Tony Kushner’s musical meditation on change Review

Nova Y. Payton as Caroline and Griffin “Fin” McCahill as Noah play uneasy confidants in “Caroline, or Change.” Photo by Grace Toulott

Nova Y. Payton as Caroline and Griffin “Fin” McCahill as Noah play uneasy confidants in “Caroline, or Change.”
Photo by Grace Toulott

Round House Theatre continues its season focus on Tony Kushner with a dazzling production of the visionary and incendiary playwright’s only musical.

Following fall’s scintillating revival of the writer’s two-play epic “Angels in America/Millennium Approaches,” Round House guest director Matthew Gardiner takes on the deeply personal story that draws from Kushner’s early memories of growing up Jewish in New Orleans at the dawn of the Civil Rights movement.

Kushner wrote the 2003 musical, which premiered on Broadway to mixed reviews, with composer Jeanine Tesori, who has threaded a rich palette of musical genres from hearty blues to rollicking klezmer, operatic arias to tightly sung girl group harmonies, into a warmly complex story. In it a boy learns truths about himself and the world as he struggles with personal moral dilemmas that would disquiet most adults.

“Caroline,” then, is both a coming-of-age tale for the mid-20th century and a snapshot of an unsettled era in U.S. history. The play is on stage at Round House in downtown Bethesda through Feb. 26.

Ten-year-old Noah Gellman is adjusting to life after his mother’s death and his father’s remarriage. His nitpicking new stepmother, Rose, has tried to both connect with her new stepson and provide the discipline she believes he needs. His father, Stuart, a clarinetist, has retreated to the sidelines, offering his son and his new wife little solace or love. So Noah turns to the bad-tempered family maid, Caroline, and the two develop a friendship of sorts, sharing conversation and cigarettes in the basement, where she washes, dries and irons endless loads of the Gellman family’s laundry.

That basement — an anomaly in New Orleans, a city where basements are unheard of due to the low water table — thrums with life. Caroline’s imagination works overtime as the washing machine and dryer each are personified. Buxom Theresa Cunningham gives verve to the washer with her sultry voice and swishing hips and torso, while steamy V. Savoy McIlwain, slinky and snake-like, provides the heat beneath his brown fedora as the rumbling, husky-voiced dryer.

The basement for Caroline represents a death of sorts, and yet it’s where Noah comes to thrive on the gritty life forces of her anger and disappointment.

The show’s star and centerpiece Nova Y. Payton plays Caroline as exquisitely nuanced. Her hardened, angry exterior belies the desires, needs and dramas that inhabit her imagination, and that her sensitive young admirer Noah connects to.

A single mother struggling to raise her three children on a $30 a week maid’s salary, Caroline sings of the pain and degradation that is the life of a black woman in the South. She’s too downtrodden to speak up to her superiors, but desires to give her children more than she can possibly afford. Thus, when stepmother Rose decides to teach her forgetful son a lesson by allowing Caroline to keep any loose change the boy leaves in his pockets, the gears of impending conflict are set in motion. And those pennies, nickels and dimes — small change — grow in magnitude, causing a rift that might never heal.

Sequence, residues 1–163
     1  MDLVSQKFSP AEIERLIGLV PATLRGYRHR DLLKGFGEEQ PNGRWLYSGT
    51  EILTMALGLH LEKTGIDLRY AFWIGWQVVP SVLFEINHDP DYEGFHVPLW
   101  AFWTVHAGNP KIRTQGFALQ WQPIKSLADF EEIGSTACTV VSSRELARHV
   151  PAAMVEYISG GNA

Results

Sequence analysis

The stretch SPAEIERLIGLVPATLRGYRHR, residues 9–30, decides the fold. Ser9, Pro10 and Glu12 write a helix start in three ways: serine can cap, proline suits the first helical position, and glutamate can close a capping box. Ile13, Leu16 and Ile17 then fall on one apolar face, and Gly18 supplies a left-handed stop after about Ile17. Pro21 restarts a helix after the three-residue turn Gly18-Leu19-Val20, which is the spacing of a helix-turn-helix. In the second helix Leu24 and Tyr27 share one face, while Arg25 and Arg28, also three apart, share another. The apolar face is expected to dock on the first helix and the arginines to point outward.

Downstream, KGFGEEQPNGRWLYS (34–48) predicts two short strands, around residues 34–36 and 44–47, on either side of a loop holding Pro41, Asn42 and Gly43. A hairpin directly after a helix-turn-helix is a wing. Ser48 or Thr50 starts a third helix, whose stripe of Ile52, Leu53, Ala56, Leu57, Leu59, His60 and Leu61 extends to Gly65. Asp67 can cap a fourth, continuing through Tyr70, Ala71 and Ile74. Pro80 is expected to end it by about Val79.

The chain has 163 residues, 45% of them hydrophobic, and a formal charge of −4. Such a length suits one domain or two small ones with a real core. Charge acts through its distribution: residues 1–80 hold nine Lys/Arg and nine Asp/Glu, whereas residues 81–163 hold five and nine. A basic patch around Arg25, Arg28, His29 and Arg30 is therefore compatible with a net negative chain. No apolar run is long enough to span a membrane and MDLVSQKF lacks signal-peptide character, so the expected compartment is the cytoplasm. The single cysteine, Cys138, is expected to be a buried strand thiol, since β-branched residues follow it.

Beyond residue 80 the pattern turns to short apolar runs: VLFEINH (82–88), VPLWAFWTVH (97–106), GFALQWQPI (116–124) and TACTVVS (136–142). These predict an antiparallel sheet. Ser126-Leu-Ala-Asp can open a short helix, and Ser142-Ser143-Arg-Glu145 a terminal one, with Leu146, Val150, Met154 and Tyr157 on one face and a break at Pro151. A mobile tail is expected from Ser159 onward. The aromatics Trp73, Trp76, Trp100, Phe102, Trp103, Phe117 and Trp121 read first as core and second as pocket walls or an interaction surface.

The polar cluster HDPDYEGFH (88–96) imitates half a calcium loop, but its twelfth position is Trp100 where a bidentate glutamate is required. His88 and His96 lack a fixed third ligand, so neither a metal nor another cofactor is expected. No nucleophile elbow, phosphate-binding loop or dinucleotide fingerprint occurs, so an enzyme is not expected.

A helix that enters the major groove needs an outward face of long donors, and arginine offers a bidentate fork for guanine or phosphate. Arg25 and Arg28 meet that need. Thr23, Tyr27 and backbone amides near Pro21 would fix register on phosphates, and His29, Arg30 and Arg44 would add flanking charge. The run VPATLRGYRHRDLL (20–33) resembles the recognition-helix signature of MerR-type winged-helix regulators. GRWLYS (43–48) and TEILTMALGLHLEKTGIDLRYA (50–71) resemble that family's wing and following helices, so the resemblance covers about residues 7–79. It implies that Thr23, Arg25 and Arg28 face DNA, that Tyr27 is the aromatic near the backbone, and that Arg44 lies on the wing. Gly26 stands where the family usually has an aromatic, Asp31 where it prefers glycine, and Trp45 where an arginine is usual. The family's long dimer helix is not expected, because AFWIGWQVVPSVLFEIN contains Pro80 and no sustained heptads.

Composer Tesori, whom musical aficionados might know for her bright “Thoroughly Modern Millie,” has written a score that serves Kushner’s storytelling and the characters’ milieu with a meaningful pastiche of numbers. Payton, of course, carries the heavy load with spine-tingling gospel and bluesy numbers that highlight the sharp and muted notes of her voice, and her struggle.

Other vocal standouts in this strongly cast ensemble include Delores King Williams, who as the Moon sings the role of constancy in the guise of operatically influenced solos. Standing high above Jason Sherwood’s rotating three-story house set, she peers down at the unfolding events like a timeless Greek chorus of one. Beside her, above the stage and behind a picket fence, the fine nine-member instrumental ensemble directed by Jon Kalbfleisch plays for Caroline’s and Noah’s worlds, both spinning out of control.

Not only is young Noah teetering in the face of loss, so, too, is Caroline. Her teenage daughter, Emmie (Korinn Walfall), represents the younger more politicized generation, who just saw the Kennedy assassination and has become ready to speak out and act in favor of civil rights.

One of Kushner’s most vivid scenes occurs at a family Chanukah dinner, where amid talk of race relations and communism, Kennedy and the Rev. Martin Luther King Jr., tempers flare; daughter Emmie challenges the Gellman family patriarch against her mother’s wishes.

Kushner gives us a less idealized snapshot than is typical when recalling blacks and Jews during the civil rights era. While most Jews, in particular, like to recall staunch support, many stood by and watched the news and listened to the radio.

With “Caroline,” Kushner provides a thinking-person’s musical that wrestles with historic demons — racism and prejudice — that remain a potent and driving force still in 21st-century America. Always of the moment, his plays push us toward our more thoughtful, better selves.

Or, as Caroline resolutely sings: “Change come fast and change come slow but change come.” It’s inevitable, and in this she’s right on the money.

“Caroline, Or Change,” by Tony Kushner and Jeanine Tesori, through Feb. 26, Round House Theatre, 4545 East-West Highway, Bethesda. Tickets $36-$90.. Call 240-644-1100 or visit roundhousetheatre.org.

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